Despite all of this, we Millennials still want to get married. Guys seem to embrace the institution comfortably -- happily doing what they think is their share of the chores, and frequently citing being a good husband and dad as some of their top indicators of a successful life. And us girls get over our misgivings because we have watched too many episodes of "Say Yes to the Dress" and anyway, according to the Center for Marital and Family Studies, 70 percent of us are already living with the guy we will marry and at a certain point you can only chose to step forward.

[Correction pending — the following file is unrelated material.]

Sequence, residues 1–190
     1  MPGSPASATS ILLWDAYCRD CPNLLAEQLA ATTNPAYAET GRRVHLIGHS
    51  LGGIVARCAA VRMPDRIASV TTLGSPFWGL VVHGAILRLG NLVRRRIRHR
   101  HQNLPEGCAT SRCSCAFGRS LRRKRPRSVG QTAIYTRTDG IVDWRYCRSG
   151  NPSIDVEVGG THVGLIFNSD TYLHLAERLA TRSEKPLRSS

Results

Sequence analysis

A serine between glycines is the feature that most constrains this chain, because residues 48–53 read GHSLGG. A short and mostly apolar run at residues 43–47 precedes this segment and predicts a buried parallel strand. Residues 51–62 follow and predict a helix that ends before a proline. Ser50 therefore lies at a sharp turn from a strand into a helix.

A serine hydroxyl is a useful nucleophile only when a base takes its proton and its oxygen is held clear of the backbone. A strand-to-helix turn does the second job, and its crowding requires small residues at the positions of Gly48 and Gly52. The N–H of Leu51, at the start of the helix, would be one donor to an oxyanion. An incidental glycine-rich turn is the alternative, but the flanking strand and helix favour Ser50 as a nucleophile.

And stepping forward into the future means getting an engagement ring, right? Millennials are increasingly assuming that, like the rest of their wedding, the ring will be customized to their desires. Sure, some women still want the big diamond that shows their fiancé will be able to support them in the future. But others are working directly with jewelers on Etsy to create bespoke pieces, and still others are opting out of the whole diamond thing replacing it with a pearl or some other precious stone. Enter the ability to print a ring from your own home and suddenly you have expanded Millennials' ability to customize the start of their marriage tenfold. Of, course the ring is just one small example, but going forward it is likely that we Millennials will increasingly use new technologies to customize every aspect of marriage. Get printing!